The Tuskegee Syphilis Experiment (1932-1972) is the infamous American clinical study wherein African-American men went untreated for syphilis because researchers wanted to observe the illness’s untreated progression. Although penicillin had become a standard antibiotic for syphilis by 1947, doctors in this experiment intentionally failed to utilize it.

399 African American men were infected. By the end of the trial, 28 had died of syphilis, and 100 more from complications. 40 wives were infected, and 19 children had been born with congenital syphilis – children still alive to this day. Though these trials spearheaded changes in ethical standards and clinical study protocol (the Belmont Report’s three basic principles of research on humans: respect for persons, beneficence, and justice) race continues to be a driver of health inequities within healthcare institutions.

Currently, the Public Health Agency of Canada does not recognize racism as a social determinant of health (the external living conditions influencing a person’s health). Anecdotal evidence shows us that Black communities find anti-Black racism embedded in their everyday interactions with healthcare systems. Anecdotes, however, are not enough to support the structural changes needed to address this issue – what is needed now is data on how Black people access and receive care, and the barriers they face when doing so. While the Tuskegee experiments, and Canada’s equivalent, may seem like a thing of the past, when healthcare institutions in Canada refuse to identify race as a social determinant of health, their understanding of a person’s health is incomplete.

Arguably, the responsibility to collect data falls on the Public Health Agency of Canada (PHA), which, unlike the CDC and Toronto Public Health, does not consider race a social determinant of health. PHA has identified the following social determinants of health thus far: income, support networks, education, employment, social environments, physical environments, personal health practices, child development, biology and genetics, health services, gender, and culture.

Collectively, these factors seem to take into account the health effects of racism; benevolent inequities such as stereotyping – which reduces quality of life and hinders opportunities for advancement – falls under social environments and health services. Poor health due to limited health access because of weak financial stability falls under education and employment. But what has been excised from this conversation altogether is the factor which often links unsupportive social environments, limited access to health services, and at-risk economic status: race.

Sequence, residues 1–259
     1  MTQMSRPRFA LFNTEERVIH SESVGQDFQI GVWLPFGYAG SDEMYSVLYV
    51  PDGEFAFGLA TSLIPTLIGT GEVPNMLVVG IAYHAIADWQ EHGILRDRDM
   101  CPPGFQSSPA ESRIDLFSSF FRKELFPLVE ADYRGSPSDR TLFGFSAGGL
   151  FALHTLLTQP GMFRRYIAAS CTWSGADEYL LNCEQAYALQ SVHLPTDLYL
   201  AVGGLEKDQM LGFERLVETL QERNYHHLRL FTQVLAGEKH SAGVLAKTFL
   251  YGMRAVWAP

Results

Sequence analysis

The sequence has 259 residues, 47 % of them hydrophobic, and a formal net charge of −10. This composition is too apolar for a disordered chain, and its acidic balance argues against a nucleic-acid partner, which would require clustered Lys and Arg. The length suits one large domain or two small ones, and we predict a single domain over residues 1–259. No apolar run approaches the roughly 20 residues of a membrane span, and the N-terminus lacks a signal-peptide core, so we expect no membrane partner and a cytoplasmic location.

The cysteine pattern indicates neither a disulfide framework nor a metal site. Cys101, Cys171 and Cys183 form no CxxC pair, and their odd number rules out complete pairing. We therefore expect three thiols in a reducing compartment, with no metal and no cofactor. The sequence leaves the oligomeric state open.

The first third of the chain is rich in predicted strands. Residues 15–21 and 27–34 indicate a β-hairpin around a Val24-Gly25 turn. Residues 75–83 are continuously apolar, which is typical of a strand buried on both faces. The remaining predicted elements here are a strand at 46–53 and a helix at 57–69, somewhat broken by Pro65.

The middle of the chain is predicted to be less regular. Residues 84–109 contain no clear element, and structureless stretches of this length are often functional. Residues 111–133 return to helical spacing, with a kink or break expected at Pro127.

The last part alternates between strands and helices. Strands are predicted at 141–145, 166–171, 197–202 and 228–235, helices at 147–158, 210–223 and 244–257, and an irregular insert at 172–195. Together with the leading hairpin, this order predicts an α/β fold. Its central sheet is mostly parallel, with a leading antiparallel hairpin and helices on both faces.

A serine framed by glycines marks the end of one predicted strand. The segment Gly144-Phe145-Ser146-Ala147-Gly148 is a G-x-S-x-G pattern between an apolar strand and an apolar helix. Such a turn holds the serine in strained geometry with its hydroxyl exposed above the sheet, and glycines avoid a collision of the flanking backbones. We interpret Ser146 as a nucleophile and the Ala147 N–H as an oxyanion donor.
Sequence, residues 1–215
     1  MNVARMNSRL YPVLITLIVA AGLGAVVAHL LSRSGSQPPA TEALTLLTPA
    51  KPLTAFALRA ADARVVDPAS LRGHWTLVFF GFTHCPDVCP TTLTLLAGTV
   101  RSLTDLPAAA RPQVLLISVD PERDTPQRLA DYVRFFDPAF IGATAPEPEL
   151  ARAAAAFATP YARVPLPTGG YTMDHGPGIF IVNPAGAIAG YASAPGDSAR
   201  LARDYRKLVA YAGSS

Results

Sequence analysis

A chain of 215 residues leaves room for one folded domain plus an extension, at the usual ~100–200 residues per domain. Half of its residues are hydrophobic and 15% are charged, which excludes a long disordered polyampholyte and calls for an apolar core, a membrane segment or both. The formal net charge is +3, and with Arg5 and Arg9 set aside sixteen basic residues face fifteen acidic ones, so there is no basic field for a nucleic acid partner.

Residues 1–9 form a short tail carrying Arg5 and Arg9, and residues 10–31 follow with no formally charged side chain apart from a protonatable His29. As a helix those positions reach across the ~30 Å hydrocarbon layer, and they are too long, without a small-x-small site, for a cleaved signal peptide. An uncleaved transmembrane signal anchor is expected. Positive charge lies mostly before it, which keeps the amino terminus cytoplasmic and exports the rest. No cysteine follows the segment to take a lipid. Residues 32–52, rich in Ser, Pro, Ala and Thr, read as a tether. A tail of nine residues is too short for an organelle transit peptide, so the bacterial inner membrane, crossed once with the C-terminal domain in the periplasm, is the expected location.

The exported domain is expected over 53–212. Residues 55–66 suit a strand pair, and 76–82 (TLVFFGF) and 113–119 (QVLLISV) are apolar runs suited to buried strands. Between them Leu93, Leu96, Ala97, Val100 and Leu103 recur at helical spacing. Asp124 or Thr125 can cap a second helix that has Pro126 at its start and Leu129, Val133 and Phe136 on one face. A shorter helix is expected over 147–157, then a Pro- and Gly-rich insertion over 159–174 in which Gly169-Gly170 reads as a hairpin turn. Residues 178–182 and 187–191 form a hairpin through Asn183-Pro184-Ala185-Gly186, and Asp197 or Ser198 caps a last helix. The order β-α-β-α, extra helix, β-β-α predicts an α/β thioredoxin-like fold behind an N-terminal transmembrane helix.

Multiple studies have found that people of colour, particularly African Americans, are burdened by lower social status, education, and income or employment conditions, with a 22% overall poverty rate compared to 9% for non-racialized persons. A 2013 study in Toronto, Canada states that “racial discrimination, as well as other forms of stress, negatively affects health by triggering responses in the cardiovascular, immune and endocrine systems.” Both within and outside of their bodies, people are struggling to communicate to healthcare providers the validity of their life experiences as racialized persons. Race is not synonymous with culture, not based in the social environment, and not defined by support networks. It is a factor people identify as influential to their health, an oppression which can no longer afford to be whitewashed by government healthcare institutions.

Well-sourced and analyzed data will ultimately prove Public Health Agency of Canada right or wrong in choosing not to add racism to their list of social determinants of health. If wrong, public policy changes from the top down will address this issue. PHA itself acknowledges the need for more research and evidence to provide better health care, stating in 2011, “Over the last five years, the need for better evidence has become manifest in the health sector.”

That was 2011; this is 2017. The debate over whether race-based health inequities are real or not is not just playing out across debate floors – it is playing out across racialized people’s bodies. It has been 80 years since the Tuskegee trials. Let that experiment be the last of its kind.

By Aishah Cader and Hagr Saad

Please note that opinions expressed are the author’s own. They do not necessarily reflect the views and values of The Blank Page.